The morning of September 11th 2001 was not much different than any other mornings.  I sat in my car; of course I hadn’t turned on the radio yet! Sometimes I wish I was able to stop it all by simply not turning on the radio, but unfortunately life is not as simple as it seems. Subconsciously, I didn’t want to turn on the radio but I am a news junky. I can’t stay away from it.  NPR (NATIONAL PUBLIC RADIO), it takes me places I never been before, without even leaving my car. However, I don’t know if I want to go where this radio was about to take me that day!

Growing up over the years in different parts of the world, and starting over from zero every time, has become part of my life. I was only sixteen when I left Afghanistan for an unknown land, Pakistan. For a sixteen year old, whose world did not exceed beyond a few miles this was a complete uncertainty. After spending four harsh years, I along with my entire family was able to make our way to the United States of America, the land of opportunity in THE GOLDEN STATE of California. I thought this would be my last stop. This would be where all of my dreams would come true.  After all, I was only twenty years old; a lot can be done at this age. Like many immigrants, my first “American” job was at the gas station while attending school. The “American dream”, I was determined to make it happen.

Now I am only twenty-nine and still struggling to make my mark. That’s not too old in this country. This is the time when my desire to fly becomes profound. I want to fly airplanes. I remember when I was only eight years old, I would came up with a good excuse to sneak out of the house and take the bus to the Kabul Airport in order to watch airplanes takeoff and land. What an experience that was! It made me feel as if I was actually flying the airplane.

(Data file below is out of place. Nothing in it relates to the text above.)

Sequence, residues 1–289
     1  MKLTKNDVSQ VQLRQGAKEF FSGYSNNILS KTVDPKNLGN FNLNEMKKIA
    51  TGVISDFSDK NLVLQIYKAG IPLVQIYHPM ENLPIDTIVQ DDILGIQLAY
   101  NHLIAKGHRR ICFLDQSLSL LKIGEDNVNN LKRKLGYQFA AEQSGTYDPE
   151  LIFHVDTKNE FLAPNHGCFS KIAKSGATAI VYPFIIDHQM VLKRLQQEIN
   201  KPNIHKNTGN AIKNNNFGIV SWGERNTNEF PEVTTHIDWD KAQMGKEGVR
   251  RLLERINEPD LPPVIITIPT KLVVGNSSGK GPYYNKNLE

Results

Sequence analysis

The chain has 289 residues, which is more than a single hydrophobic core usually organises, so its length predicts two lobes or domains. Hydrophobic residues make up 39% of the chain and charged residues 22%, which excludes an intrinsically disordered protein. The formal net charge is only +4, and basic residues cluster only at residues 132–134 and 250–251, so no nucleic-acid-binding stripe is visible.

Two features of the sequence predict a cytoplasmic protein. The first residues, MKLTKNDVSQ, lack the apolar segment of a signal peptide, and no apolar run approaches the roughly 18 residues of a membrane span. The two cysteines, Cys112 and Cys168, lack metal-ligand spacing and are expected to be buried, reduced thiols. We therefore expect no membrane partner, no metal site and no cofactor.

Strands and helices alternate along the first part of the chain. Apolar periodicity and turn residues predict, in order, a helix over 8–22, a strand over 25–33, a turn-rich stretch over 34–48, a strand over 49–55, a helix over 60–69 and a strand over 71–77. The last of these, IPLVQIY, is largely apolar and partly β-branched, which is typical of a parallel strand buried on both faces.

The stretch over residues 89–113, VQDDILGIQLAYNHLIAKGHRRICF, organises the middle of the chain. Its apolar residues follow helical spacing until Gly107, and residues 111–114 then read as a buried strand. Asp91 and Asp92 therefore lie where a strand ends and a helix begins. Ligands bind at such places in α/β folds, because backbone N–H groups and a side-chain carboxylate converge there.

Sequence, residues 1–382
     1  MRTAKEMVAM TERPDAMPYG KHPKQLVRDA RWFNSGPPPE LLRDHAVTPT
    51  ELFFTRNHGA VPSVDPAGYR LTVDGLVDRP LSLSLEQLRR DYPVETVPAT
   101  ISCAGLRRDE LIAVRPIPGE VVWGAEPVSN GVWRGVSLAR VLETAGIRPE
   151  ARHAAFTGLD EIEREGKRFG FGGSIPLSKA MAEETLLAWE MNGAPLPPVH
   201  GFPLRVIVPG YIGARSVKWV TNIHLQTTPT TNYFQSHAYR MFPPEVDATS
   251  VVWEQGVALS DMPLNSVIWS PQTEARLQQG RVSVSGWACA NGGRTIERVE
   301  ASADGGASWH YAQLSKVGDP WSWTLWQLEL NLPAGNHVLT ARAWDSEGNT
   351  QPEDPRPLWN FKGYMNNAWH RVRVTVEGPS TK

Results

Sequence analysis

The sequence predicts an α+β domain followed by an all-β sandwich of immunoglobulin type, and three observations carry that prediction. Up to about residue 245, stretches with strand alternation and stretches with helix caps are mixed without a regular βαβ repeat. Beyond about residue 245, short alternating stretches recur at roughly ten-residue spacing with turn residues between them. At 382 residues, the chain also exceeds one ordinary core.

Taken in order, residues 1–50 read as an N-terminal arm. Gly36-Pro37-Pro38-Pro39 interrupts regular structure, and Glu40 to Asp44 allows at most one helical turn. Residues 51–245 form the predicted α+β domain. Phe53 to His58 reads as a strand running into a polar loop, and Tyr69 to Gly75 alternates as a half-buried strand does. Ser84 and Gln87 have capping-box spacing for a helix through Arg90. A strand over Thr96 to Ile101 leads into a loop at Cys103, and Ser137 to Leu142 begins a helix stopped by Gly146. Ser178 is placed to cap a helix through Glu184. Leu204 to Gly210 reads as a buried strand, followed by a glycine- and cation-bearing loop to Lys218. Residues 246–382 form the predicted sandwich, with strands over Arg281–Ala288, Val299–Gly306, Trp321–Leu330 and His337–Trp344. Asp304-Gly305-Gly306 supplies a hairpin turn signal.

After a very short time, it was time for me to make my grand decision and after a few long months of preparation, I was on my way to the south central part of the United States, Tulsa, Oklahoma. I started my training with a lot of hard work and determination. First, I earned my private license, which followed by instrument rating and then by commercial license. I felt somewhat relieved and thought I was about to make my “American dream” come true, I think!

 After four precious years of my life, I still hold a very uncertain future. But I am only thirty-three years old I will go ahead and get my flight instructor’s license and follow in the footsteps of my fellow pilots. I will keep trying and some day I will fly the big bird. Some day indeed!

Now I am only thirty-four years old and happily married with a child. I don’t think it’s that old!  So, do I really want to turn on that radio? I am still debating whether I should turn on the radio or not. I know exactly the fear and the horror which will follow. I am too smart for this. I am not turning on the radio. I have seen it all, dead people, distraction, confusion and hate. I don’t want to deal with it all over again.  This is going to be too real. A reality so bold and clear and which I have seen and experienced before. A reality, which I know, is not pretty. Yet a reality which I don’t know why I am experiencing again and again!

Now I am seeing soldiers everywhere, mostly at the airports. It looks like home. I think it is a good thing because it makes us all somewhat safe. Now a day, whenever I drive to work, or if I’m at work, I feel like I am being watched.  I don’t mind the attention but when I look at myself, I’m just an average looking person, five feet eight inches, and one hundred and sixty-five pounds. That’s as average as it gets. I don’t think it’s about my looks. I turn around and look behind me, but again I don’t see anything or anyone that strange. Then I look down my shirt to see if have a bad stain on my shirt, but I don’t see anything.